Midgestation Maternal Serum 25-Hydroxyvitamin D Level and Soluble Fms-Like Tyrosine Kinase 1/Placental Growth Factor Ratio as Predictors of Severe Preeclampsia
Department of Obstetrics and Gynecology, University of North Carolina at Chapel Hill, 3010 Old Clinic Building, CB#7516, Chapel Hill, NC 27599-7516, USA. Hypertension
(Impact Factor: 6.48).
12/2011; 58(6):1120-5. DOI: 10.1161/HYPERTENSIONAHA.111.179069
Recent studies have shown that low serum 25-hydroxyvitamin D (25[OH]D) level is a risk factor for preeclampsia. The clinical significance of in vitro findings that vitamin D regulates vascular endothelial growth factor production is unclear. We sought to determine whether there is an association between midgestation serum 25(OH)D levels and angiogenic factor activity and to compare their predictive value for the development of severe preeclampsia. We conducted a nested case-control study of women with severe preeclampsia (n=41) versus women with uncomplicated term birth (n=123) who had second trimester genetic screening (15-20 weeks). Using banked frozen serum, we measured levels of 25(OH)D, vascular endothelial growth factor, soluble fms-like tyrosine kinase 1, and placental growth factor and compared their correlations and predictive values. We found no correlation between serum 25(OH)D and angiogenic factors levels. 25(OH)D alone was comparable to vascular endothelial growth factor and soluble fms-like tyrosine kinase 1/placental growth factor ratio as a predictive marker for severe preeclampsia. A composite of both 25(OH)D level and soluble fms-like tyrosine kinase 1/placental growth factor ratio was more predictive than either alone (area under curve: 0.83 versus 0.74 and 0.67, respectively). In conclusion, combining midpregnancy 25(OH)D level with soluble fms-like tyrosine kinase 1/placental growth factor ratio provides a better prediction for the development of severe preeclampsia.
Available from: Mark Kilby
- "Similarly, mineralisation of fetal bones occurs relatively late in pregnancy, while the induction of VDR and CYP27B1 in both maternal and fetal placental tissues occurs early in gestation, and thus alternative actions for intracrine 1,25(OH) 2 D have to be taken into consideration now (Evans et al. 2004). These include possible effects on fetal development through homeobox gene expression (Du et al. 2005) and placental vascularisation (Woodham et al. 2011). Studies by ourselves and others have supported an immunomodulatory function for vitamin D within the placenta and the specific role of maternal decidua in this process becomes the major focus of the current review. "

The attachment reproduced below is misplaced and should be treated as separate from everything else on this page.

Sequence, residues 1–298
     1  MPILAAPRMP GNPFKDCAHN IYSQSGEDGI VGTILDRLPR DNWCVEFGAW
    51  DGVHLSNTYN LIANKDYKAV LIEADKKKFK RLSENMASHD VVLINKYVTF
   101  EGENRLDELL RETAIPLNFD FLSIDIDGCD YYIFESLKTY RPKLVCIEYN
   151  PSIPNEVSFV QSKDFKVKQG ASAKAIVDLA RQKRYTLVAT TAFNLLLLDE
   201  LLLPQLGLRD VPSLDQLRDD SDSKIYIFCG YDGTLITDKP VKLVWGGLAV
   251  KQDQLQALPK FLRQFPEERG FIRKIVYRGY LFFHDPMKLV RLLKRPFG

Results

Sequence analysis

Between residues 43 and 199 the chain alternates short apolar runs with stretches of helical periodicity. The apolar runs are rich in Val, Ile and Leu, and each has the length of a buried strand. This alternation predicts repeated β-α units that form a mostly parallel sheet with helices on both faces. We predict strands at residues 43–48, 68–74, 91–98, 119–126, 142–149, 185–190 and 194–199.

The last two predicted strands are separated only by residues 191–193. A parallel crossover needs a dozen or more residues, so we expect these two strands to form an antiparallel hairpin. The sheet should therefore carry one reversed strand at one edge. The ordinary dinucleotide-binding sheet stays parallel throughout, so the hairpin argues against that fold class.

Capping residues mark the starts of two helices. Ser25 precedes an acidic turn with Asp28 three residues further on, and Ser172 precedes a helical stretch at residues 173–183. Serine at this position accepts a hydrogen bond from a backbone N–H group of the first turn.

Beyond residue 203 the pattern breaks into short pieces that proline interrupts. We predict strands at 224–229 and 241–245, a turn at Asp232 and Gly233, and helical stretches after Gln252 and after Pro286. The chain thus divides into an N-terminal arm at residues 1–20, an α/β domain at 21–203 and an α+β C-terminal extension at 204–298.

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ABSTRACT: During pregnancy, immune activity is tightly regulated so that antimicrobial protection of the mother and fetus is balanced with the need for immune tolerance to prevent fetal rejection. In this setting, the maternal-fetal interface, in the form of the uterine decidua, provides a heterogeneous immune cell population with the potential to mediate diverse activities throughout pregnancy. Recent studies have suggested that vitamin D may be a key regulator of immune function during pregnancy, with the fetal-maternal interface representing a prominent target. Among its non-classical actions are potent immunomodulatory effects, including induction of antibacterial responses and modulation of T-lymphocytes to suppress inflammation and promote tolerogenesis. Thus, vitamin D may play a pivotal role in normal decidual immune function by promoting innate responses to infection, while simultaneously preventing an over-elaboration of inflammatory adaptive immunity. Research to date has focused upon the potential role of vitamin D in preventing infectious diseases such as tuberculosis, as well as possibly suppressing of autoimmune disease. Nevertheless, vitamin D may also influence facets of immune function not immediately associated with primary innate responses. This review summarises our current understanding of decidual immune function with respect to the vitamin D metabolism and signalling, and as to how this may be affected by variations in maternal vitamin D status. There has recently been much interest in vitamin D supplementation of pregnant women, but our knowledge of how this may influence the function of decidua remains limited. Further insight into the immunomodulatory actions of vitamin D during pregnancy will help shed light upon this.